The Great Hunger in the Kerry hills

The Great Hunger in the Kerry hills
The Great Famine in Tralee and North Kerry

by Bryan MacMahon (Mercier Press , €35)

The Great Famine, or ‘Black ‘45’ as it is known in the oral tradition, was a seminal event in the modern history of Ireland.  It initiated the great emigration to the ‘New World’. Regrettably it also grafted on to the folk memory a far from friendly attitude to our English neighbours.

By contextualising the famine and analysing the many complexities associated with it, historians thankfully help to moderate that attitude. In this meticulously researched study, while not absolving the authorities in London of their responsibility, MacMahon describes the roles of many other villains and heroes in that cataclysmic event.

The statistics on the Great Famine are stark. Between 1845 and 1851 the population fell from eight-and-a-half million to six-and-a-half million; one million died of starvation and disease, another million fled from the country.

Kerry was the fifth in the list of counties hardest hit by the famine and had the unenviable distinction of coming second only to Antrim in the list of counties in which the highest proportion of the recorded deaths were attributed to dysentery.

A major cause of this dysentery, famine fever or cholera, was the eating by people of nettles, grass and other vegetables not usually used as food by human beings.  By 1851 more than 30% of the population of North Kerry had ‘disappeared’!

The subject of MacMahon’s study is the area in Co Kerry north of a line from Fenit to Tralee, Castleisland and Brosna.  His main sources are the Kerry Evening Post (Tory and Protestant), Kerry Examiner (Nationalist and Catholic), The Tralee Chronicle (liberal and neutral in politics), and the Cork Examiner. Making generous use of reports in the Kerry newspapers and the Cork Examiner the author takes the reader through the years 1845 to 1848.

Mixed
 messages

Initially in 1845 there were mixed messages with regard to the success or failure of the potato crop.  When it became clear that the crop had failed the government purchased Indian meal and distributed it to the needy. Also a Relief Commission was established and public works were begun.

In 1846 so as not to interfere with market prices Indian corn was not freely distributed but sold at reduced prices. By March 1847, 714,000 people were employed in public works. At this stage soup kitchens were set up to replace the public works.  By July 3,00,000 people were in receipt of food through food kitchens.  In 1848 following another general crop failure a cholera epidemic began. Throughout those years the workhouses in Listowel and Tralee were not able to cope with the large numbers of the homeless and destitute.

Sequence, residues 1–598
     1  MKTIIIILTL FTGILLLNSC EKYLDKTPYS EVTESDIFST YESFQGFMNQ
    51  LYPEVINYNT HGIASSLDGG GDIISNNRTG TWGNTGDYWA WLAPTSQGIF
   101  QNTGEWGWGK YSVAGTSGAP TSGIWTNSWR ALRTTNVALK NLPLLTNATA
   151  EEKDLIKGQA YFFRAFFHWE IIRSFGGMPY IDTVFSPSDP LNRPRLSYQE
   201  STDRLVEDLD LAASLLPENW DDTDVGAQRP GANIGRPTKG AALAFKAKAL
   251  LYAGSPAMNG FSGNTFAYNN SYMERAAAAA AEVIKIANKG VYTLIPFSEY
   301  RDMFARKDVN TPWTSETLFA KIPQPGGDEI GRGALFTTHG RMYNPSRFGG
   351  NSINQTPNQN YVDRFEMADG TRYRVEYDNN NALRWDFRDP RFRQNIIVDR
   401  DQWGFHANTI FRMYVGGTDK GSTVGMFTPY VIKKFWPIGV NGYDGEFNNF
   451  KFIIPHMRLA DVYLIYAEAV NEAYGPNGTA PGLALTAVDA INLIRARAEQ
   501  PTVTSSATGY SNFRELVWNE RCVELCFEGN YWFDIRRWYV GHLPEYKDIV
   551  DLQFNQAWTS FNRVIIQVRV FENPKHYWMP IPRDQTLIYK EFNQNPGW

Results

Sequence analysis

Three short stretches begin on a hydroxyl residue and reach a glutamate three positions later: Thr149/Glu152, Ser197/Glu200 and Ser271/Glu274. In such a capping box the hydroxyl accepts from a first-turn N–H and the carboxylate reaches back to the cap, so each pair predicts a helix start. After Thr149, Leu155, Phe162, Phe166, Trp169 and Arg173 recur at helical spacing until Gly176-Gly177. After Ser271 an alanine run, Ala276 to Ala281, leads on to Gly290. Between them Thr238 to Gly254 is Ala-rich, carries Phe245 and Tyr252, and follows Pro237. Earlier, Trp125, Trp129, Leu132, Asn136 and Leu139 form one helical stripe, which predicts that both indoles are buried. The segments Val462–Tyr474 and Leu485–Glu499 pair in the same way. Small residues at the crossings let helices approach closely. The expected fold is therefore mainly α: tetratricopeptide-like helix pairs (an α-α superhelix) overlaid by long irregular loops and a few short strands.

There were villains galore in the dramatis personae of the Great Famine. Food was continually exported from Ireland during the famine period. Moreover, there is no doubt that, if a comparable crisis had arisen in England, the government would not have allowed the socio-economic structure of the time to stand in the way of supplying food to areas, where it was urgently required.

The landlords – those who were not absentees – lived luxurioursly in their mansions, while the tenants on their estates were dying of starvation. Trinity College, Dublin, was the owner of huge tracts of land in North Kerry and the Provost and the College were as heartless in dealing with their tenants as any of the other landlords in the area.  There were those who sought to exploit the dire situation, such as greedy merchants and shopkeepers and an over-zealous evangelical preacher who stirred up sectarianism.

The Great Famine also produced its heroes. A few of the local landlords were actively involved in efforts to help the people in distress. The local Church of Ireland clergy were to the fore in all such efforts. There was widespread praise for a number of government and local officials.

Evidence

MacMahon provides a wealth of evidence showing that the priests of the area were indefatigable in their efforts to assist the starving people. As a result of their ministry to the sick and dying, four young priests in the area contracted the cholera and died.  For their dedicated services during the darkest days of the famine the names of Jeremiah (Darby) Mahony (PP, Listowel), John McEnnery (PP, Tralee) and Eugene McCarthy (PP, Ballyheigue) were ‘in the mouths of the people’. The result was an exceptional bond in the area between priest and people which lasted for more than a hundred years.

There is scarcely a topic more challenging than the Great Famine, but Bryan McMahon’s splendid monograph is a wonderful template for other historians and scholars to replicate across the country.

 

 

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